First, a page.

There is nothing quite like the bonding experience of sharing a hunt with your dog. If you are raising a little bird dog pup so that you can partake in this tradition as well then today is your lucky day. In this article we are going to discuss the ins and outs of bird dog training so that we can help you to get started and to avoid some of those training pitfalls that can hinder things early on. Let’s discuss how to train a bird dog!
Bird dog puppies : Starting off their training right
The first and most important step with hunting dog training is going to be socialization. Your pup needs to interact well with you as well as with other dogs. Some things to keep in mind to help you to accomplish this well are as follows:
- Lots of playtime – Your dog needs to get used to playtime with you in order to help to forge a stronger bond, so make sure not to neglect ‘fun time’ with your pup.
- ‘Yipping’ if your pup bites too hard – If your pup has been weaned a bit early, they may not know how hard to bite. If your pup bites a little too hard, immediately stop playtime and make a ‘yip!‘ sound like a wounded pup. This will teach your puppy when they are biting too hard.
- Toys – You want your pup to learn that they have things of their own (and also that there are certain things which are okay to chew!). Be sure that your pup has lots of toys to keep them amused.
- Time around other dogs – Time at the dog park or with other dogs nearby (such as other dogs you may own or the neighbors dogs) can help your dog to learn socialization very quickly. Just be sure to always introduce them with a leash so that you can pull back your dogs if necessary.
Training your bird dog puppy – basic commands
During the first year of your pup’s life you will want to be sure that they are well-grounded in the basic commands. Your puppy needs to know how to sit, to stay, lay down, and fetch. Other basic commands such as ‘Put it down’ are also going to be vital. These are core skills that you are going to be building on and gun dog puppy training basics. Learning these will help to make learning the more complex commands much, much easier for your puppy.
How to train your bird dog: First bird introduction
The first bird that your puppy meets should be a dead bird such as a pigeon. You will want to let them sniff it and it is okay if they pick it up, however you want to discourage the pup from chewing or shaking the dead bird as this can result in your dog worrying game at a later date. Should they attempt to engage in these behaviors gently discourage this, tell them to ‘put it down’ and reward them with a treat when they comply.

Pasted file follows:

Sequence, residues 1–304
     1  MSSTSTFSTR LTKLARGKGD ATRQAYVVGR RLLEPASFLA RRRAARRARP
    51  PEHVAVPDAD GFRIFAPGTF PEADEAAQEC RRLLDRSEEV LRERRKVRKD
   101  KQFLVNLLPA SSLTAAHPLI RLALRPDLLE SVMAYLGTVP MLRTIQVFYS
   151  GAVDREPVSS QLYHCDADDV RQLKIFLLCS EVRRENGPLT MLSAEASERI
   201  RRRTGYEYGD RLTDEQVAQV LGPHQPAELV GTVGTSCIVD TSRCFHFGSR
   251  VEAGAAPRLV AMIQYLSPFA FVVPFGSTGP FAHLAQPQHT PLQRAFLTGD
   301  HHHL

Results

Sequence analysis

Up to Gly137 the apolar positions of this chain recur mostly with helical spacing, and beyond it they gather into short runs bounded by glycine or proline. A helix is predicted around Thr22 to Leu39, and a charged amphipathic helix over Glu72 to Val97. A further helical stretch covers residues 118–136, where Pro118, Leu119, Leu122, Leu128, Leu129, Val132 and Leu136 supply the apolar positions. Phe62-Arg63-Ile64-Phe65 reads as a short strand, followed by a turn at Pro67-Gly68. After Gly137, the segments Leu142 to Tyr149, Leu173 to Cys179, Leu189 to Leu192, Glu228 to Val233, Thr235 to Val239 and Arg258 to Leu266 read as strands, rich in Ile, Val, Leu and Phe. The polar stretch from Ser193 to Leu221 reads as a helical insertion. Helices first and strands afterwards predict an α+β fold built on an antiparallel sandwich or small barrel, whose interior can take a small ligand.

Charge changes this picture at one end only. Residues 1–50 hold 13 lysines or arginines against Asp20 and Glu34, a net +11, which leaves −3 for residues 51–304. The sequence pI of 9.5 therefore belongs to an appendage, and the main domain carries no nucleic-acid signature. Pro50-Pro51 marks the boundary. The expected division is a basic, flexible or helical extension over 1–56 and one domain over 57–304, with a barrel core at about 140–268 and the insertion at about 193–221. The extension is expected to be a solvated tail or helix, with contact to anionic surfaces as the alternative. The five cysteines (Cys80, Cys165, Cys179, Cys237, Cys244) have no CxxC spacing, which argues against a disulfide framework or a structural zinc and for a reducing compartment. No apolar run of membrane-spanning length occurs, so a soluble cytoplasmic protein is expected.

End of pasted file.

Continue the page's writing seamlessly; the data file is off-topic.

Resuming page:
Live bird introduction
If you have access to live birds then let your puppy play with them. Early interactions will get your puppy used to the sounds and to chasing wild game. This can help to spark your puppy with the desire to hunt and will help immensely with later training sessions as well.
“Transform ‘fetch’ from a stick-game into a proper game retrieval exercise.”
Dog bumpers, also known as ‘dog training dummies’ are a great way to get your dog used to fetching game. Designed to simulate the size and the weight of actual game, bumpers are inexpensive and a great way to transform ‘fetch’ from a stick-game into a proper game retrieval exercise.
Choosing a dog bumper
Dog bumpers come in various types. For beginning dogs, we recommend standard rubber bumpers, preferably ones that will float. These come with a throwing rope attached and simulate the size and weight like more expensive bumpers but they also have the advantage of being brightly colored and easier to find if your puppy misses on early throws. They also have shapes which are more conducive to grabbing until your pup learns to master gripping the bumpers.
Upgrading your bumpers for training
For more advanced training once your pup is used to the current bumpers, we would highly recommend canvas dog bumpers, as these are better at holding a scent, so you can coat them with game scents that will mimic what they will be hunting when things go ‘live’. Some bumpers are also available which mimic the appearance of the bird as well but we don’t recommend these until your dog gets a little older. When your puppy is still learning, stick with the inexpensive bumpers.
Your puppy needs to do a lot of running out in the wild with you, so we recommend investing in a good location collar. The more that you can mimic actual hunting in your training the better and location collars can help make sure that the little one doesn’t get too excited and possibly lost. Your basic commands such as ‘sit’ and ‘stay’ can help when you are getting started when it comes to keeping them within a certain range but as that range grows (and it needs to, of course) then you will find the location collar invaluable.
Today we have gone over some of the basics for training your ‘bird dog’ puppy. Remember to stick to the core commands, invest in some training tools such as bumpers, and consider that location collar. These are all very basic tools of bird dog training and they will serve you well. Lastly, you will want to invest in your patience. That puppy loves you and wants to please you but remember that it is still a juvenile hunting dog. There will be mistakes. Just keep your temper in check, calmly correct them, and before you know it you’ll be hunting long and wonderful days with your new best friend!